Wednesday, January 13, 2010


(click on images to enlarge)

The article begins:

Why, one may wonder, is the Department of Justice launching an antitrust investigation against some of U.S. food system's major players at a time when Americans are enjoying a widening array of food choices and spending less and less of their disposable income to do so?

The article has all the depth of a mirror - merely reflecting another person's thoughts. The argument is simple, everyone is getting cheap food. However, there is cause for concern about the powerful, even if the food is nearly free.

But, as an academic, the writer fails intellectually. Food may appear to be cheap but, that is only so when you look at the average income. People do not generally receive average income (see above table by Saez).

Food at retail is rising virtually at the same rate as everything. If your income is at the top 1% level life is good. For most workers, including farmers, life continues to be a struggle.

I would worry if I had a child receiving part of an education from Sykuta.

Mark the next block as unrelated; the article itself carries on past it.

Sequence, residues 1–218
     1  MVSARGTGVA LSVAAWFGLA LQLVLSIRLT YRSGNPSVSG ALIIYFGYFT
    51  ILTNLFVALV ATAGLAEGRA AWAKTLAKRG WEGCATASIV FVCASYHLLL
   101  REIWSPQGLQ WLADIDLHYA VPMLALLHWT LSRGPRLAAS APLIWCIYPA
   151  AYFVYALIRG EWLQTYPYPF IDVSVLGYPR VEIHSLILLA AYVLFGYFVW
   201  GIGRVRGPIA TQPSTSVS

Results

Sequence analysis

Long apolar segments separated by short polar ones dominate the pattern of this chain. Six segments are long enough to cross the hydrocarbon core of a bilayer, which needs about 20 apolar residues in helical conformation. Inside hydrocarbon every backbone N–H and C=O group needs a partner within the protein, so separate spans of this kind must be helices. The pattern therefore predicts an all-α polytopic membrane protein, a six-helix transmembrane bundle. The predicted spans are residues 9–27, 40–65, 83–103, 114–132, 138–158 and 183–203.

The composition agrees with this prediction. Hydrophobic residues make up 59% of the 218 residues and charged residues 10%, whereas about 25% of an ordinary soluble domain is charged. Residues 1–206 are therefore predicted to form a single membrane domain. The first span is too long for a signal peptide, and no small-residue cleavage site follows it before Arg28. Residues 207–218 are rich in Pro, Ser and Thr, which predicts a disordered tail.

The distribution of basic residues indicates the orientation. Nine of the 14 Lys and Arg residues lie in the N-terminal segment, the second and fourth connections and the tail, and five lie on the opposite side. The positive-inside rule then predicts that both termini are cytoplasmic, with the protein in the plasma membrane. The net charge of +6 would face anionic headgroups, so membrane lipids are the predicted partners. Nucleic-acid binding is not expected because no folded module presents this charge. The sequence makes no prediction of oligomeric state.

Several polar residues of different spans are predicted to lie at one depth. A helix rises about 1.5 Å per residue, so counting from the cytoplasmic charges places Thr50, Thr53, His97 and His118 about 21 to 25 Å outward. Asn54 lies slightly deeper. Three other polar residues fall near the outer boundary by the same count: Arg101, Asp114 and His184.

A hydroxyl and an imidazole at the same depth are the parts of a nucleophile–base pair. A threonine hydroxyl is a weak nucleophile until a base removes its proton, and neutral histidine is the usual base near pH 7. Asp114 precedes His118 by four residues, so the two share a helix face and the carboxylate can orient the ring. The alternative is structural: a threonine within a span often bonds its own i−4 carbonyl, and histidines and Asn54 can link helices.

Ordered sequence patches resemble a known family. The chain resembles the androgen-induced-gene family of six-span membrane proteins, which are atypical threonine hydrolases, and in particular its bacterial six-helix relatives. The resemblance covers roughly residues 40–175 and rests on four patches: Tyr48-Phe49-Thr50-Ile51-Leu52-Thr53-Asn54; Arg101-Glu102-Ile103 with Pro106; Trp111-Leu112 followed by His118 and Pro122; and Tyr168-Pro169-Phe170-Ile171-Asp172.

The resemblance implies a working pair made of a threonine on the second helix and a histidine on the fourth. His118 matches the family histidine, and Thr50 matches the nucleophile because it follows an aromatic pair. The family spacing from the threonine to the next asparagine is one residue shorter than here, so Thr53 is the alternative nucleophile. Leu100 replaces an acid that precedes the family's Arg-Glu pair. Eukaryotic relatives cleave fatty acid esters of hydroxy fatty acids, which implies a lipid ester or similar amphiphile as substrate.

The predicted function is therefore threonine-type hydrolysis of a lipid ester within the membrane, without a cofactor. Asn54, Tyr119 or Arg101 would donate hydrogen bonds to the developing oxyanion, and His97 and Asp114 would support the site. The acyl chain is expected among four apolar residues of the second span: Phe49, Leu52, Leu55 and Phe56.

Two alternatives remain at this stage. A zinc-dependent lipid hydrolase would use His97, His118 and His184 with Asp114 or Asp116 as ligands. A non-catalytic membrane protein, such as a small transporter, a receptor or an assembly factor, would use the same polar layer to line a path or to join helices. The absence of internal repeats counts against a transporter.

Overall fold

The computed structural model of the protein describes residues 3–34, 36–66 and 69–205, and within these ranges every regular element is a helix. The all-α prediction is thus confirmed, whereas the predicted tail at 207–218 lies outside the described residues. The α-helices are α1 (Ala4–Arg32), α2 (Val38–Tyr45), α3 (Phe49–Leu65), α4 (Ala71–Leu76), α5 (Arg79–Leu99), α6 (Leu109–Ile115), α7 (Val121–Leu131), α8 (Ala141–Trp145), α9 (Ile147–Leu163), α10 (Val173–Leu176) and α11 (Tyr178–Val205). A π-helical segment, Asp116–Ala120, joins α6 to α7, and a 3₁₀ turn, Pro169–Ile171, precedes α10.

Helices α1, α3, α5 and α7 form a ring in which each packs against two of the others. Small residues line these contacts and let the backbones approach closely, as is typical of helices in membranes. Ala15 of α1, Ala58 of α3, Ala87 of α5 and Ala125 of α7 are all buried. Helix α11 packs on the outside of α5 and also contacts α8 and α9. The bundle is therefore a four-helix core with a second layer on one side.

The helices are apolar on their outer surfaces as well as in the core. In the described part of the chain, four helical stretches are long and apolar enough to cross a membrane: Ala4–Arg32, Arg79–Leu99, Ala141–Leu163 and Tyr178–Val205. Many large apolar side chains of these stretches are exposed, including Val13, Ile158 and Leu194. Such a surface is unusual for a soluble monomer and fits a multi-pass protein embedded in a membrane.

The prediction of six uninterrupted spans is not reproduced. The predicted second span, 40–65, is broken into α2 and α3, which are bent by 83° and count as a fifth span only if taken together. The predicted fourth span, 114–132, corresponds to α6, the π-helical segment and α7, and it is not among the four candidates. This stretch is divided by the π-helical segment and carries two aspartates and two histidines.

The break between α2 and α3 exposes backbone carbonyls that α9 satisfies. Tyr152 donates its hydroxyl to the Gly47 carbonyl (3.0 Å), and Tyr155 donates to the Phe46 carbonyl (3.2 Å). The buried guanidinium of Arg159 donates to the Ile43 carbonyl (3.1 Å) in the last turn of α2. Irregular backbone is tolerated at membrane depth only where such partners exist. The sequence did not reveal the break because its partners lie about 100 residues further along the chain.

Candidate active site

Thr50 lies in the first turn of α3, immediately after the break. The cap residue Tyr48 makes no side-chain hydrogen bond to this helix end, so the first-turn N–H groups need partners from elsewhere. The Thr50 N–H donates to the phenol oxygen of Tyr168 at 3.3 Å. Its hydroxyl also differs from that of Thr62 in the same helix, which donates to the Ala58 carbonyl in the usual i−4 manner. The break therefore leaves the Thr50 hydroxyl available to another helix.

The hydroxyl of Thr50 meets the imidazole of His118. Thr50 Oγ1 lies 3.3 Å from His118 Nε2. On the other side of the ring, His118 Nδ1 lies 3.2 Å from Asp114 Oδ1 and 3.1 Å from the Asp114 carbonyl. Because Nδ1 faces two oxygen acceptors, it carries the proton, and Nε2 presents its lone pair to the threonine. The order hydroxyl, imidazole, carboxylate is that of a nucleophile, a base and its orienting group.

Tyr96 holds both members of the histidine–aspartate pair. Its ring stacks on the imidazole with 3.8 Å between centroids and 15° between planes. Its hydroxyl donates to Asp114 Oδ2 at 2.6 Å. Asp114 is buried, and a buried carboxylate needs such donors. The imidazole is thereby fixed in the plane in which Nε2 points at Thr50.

Michael Sykuta is an associate professor in the College of Agriculture, Food and Natural Resources at the University of Missouri at Columbia and director of the Contracting and Organizations Research Institute. Readers may write to him at University of Missouri, 135 Mumford Hall, Columbia, Mo. 65211-6200 or e-mail him at sykutam@missouri,edu.


  1. My thinking is that this guy was hired by the big dogs being investigated in the antitrust case. By putting out possible defense stategies and "testing the water" to see what kind of arguments they get back, the attorneys for the big dogs can better prepare a defense.

    If the response opens up new dialogue which disproves their theory (defense argument), then the attorneys must go back to the drawing board and come up with new strategy.

  2. I would encourage everyone to read Sykuta's article. It is easy to understand how little the "thinkers" understand the plight of the farmer. Plundering is acceptable as long as the wealthy get cheap food. Did anyone note the reference to fear of enforcement being responsible for slowing ag research and holding back technology. I guess it never crossed his mind that if we have no more farmers research is useless and that unless we receive fair compensation for our products, we can't afford any new technology. If we had enforcement, we wouldn't be in such bad shape.